Traffic, Washington County, Weather

Driving in fog

A foggy morning near Roy on April 15. Photo: Chas Hundley

WASHINGTON COUNTY – It’s the time of year when fog becomes a likely part of Tualatin Valley drivers’ daily commute, and it seems to occur with regular frequency this year.

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That provides an opportunity to review tips for driving in foggy conditions. But first, a quick overview:

What creates fog?

In the Banks region, the typical type of fog residents experience is called radiational fog, but most people just say ground fog.

Fog forms when air near the ground cools to near the dew point, causing water from recent rainfall to evaporate and form tiny ice crystals.

The Tualatin Valley typically experiences about five fog events per month from October – February, and since fog tends to form at sunrise and sunset, right when many people are commuting to and from work, it is a safety hazard that can turn deadly. 

Driving Safely in Fog

It’s difficult for many drivers to see in foggy conditions, and using high beams only exacerbates the problem. That’s because the ice crystals in the fog reflect the light back to drivers’ eyes. Drive only with your low beams to cut down the glare.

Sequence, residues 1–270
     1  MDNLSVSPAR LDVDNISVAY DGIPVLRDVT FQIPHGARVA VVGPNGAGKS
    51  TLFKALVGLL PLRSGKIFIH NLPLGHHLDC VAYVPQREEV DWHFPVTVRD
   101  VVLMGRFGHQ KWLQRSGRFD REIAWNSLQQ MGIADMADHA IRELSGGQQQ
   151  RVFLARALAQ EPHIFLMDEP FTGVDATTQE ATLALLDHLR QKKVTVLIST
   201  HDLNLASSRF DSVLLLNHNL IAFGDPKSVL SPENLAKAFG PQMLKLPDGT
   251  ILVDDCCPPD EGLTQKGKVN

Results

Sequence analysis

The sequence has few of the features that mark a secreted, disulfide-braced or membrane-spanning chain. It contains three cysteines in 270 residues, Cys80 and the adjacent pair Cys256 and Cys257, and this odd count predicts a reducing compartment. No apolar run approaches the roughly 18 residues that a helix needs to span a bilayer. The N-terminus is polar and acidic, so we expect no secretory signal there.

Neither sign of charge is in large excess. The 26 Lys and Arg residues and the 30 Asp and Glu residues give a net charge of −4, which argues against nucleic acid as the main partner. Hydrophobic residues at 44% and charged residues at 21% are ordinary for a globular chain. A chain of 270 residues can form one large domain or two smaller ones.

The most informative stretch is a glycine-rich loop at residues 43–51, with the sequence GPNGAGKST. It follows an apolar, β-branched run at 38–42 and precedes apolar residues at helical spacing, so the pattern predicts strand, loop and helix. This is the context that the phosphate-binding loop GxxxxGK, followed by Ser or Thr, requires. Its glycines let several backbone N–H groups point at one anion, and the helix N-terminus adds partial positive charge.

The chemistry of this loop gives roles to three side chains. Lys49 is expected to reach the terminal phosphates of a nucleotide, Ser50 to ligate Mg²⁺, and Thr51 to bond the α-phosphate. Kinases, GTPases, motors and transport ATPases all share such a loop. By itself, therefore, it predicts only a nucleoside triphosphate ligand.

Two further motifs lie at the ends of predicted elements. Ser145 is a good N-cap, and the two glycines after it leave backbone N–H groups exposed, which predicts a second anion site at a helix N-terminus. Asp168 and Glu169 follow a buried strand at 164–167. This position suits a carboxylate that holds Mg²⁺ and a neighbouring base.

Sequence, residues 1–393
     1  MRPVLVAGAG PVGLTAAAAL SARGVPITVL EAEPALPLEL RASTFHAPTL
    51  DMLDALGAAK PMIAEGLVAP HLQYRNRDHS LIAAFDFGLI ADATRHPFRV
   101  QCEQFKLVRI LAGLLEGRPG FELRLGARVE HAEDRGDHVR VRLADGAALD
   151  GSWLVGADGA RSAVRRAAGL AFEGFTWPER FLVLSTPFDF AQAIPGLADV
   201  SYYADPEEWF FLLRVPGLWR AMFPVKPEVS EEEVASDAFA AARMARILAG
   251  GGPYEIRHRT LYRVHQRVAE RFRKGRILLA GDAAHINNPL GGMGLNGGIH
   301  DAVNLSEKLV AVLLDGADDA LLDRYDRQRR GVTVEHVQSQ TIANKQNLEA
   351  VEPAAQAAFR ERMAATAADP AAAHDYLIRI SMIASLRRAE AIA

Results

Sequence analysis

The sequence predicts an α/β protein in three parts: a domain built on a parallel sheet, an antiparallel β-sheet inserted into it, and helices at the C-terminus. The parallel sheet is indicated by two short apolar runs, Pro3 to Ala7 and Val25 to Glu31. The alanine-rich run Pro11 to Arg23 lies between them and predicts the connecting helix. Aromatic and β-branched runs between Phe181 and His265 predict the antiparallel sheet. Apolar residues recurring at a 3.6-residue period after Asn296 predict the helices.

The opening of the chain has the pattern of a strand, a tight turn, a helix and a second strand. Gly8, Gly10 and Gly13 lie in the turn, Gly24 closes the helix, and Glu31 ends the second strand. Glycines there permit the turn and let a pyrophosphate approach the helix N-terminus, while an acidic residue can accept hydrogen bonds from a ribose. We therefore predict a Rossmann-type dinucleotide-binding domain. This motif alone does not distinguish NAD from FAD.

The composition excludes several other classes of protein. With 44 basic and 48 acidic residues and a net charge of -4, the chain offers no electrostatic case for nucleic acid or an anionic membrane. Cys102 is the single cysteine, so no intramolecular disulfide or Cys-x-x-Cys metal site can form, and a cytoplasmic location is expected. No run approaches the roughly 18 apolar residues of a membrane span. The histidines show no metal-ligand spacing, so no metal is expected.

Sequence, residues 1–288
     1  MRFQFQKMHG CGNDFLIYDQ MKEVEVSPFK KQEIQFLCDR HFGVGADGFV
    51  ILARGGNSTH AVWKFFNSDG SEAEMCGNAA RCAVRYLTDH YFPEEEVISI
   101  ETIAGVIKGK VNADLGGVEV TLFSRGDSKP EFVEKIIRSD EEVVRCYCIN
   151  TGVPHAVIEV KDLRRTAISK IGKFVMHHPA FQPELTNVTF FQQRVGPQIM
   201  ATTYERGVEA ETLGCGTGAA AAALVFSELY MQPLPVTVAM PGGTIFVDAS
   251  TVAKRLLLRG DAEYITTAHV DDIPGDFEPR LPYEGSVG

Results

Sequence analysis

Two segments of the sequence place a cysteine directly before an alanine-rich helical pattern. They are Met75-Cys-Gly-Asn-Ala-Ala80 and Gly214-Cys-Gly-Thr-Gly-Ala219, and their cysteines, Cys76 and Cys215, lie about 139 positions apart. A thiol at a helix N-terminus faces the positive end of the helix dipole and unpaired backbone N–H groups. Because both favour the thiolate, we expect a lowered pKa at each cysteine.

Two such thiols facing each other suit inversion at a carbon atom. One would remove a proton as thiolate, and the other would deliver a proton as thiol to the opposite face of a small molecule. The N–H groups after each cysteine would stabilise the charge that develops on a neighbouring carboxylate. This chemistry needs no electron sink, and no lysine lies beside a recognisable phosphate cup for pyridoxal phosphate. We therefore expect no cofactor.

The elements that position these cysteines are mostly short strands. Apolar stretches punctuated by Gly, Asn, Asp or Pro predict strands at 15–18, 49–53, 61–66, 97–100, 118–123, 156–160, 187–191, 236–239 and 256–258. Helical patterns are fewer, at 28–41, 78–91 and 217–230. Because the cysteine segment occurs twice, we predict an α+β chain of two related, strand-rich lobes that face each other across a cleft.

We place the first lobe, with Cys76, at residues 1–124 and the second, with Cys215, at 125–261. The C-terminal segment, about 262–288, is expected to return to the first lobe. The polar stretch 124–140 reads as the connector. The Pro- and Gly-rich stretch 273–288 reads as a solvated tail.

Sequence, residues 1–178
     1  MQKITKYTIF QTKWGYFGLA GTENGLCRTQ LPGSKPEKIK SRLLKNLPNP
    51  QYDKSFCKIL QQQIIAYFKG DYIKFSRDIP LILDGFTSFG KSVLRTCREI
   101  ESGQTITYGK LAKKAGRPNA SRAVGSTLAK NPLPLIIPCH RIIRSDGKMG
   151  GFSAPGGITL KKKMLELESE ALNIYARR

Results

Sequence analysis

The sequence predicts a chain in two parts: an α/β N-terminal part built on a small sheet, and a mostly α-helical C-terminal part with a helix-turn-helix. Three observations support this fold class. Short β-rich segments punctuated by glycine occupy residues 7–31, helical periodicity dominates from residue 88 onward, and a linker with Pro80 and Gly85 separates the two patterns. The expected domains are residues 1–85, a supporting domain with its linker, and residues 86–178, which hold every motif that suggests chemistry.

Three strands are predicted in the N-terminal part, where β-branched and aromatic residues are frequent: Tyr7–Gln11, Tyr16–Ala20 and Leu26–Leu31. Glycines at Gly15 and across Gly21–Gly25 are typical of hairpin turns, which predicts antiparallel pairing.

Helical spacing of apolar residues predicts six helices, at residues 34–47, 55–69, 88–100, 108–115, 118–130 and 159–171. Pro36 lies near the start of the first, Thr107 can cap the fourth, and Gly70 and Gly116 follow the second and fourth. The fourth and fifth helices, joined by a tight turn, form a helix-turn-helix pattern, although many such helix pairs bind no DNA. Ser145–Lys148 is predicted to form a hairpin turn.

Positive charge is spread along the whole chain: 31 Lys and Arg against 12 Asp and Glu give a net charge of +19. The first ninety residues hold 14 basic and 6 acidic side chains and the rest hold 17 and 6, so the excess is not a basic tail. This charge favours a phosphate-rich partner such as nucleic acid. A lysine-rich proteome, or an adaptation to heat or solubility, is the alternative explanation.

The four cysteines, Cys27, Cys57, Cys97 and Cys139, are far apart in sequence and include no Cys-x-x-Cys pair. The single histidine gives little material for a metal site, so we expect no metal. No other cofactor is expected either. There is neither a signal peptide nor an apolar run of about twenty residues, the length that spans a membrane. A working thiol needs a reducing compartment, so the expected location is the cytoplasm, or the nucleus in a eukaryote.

Also, bicyclists and pedestrians wearing dark clothing will be difficult to see in foggy weather. Be alert and drive slowly, making sure to use the lines on the roadway — not the lights of the car in front of you — to help you identify that you’re traveling in the proper lane. 

Stay well behind the vehicle in front of you. Decreased visibility means decreased braking times, and rear-end accidents are quite common in foggy conditions, National Transportation Safety data shows.

Banks Fire District spokesman Mitch Ward said drivers should slow down to allow plenty of time to react to what’s happening on the road ahead. 

“In extremely dense fog where visibility is zero turn on your emergency flashers and slowly pull off the road into a parking lot or rest area that’s a safe distance from the roadway. And avoid stepping into the right of way (when exiting the vehicle).”

The National Weather Service also recommends paying close attention to your sense of hearing. Sounds may alert you to dangers you may not see in the fog, like an oncoming train, honking horns from nearby cars, or the sound of brakes squealing.

It’s best to turn off your radio or streaming media, keep your eyes on the road, and listen to the sounds around you. 

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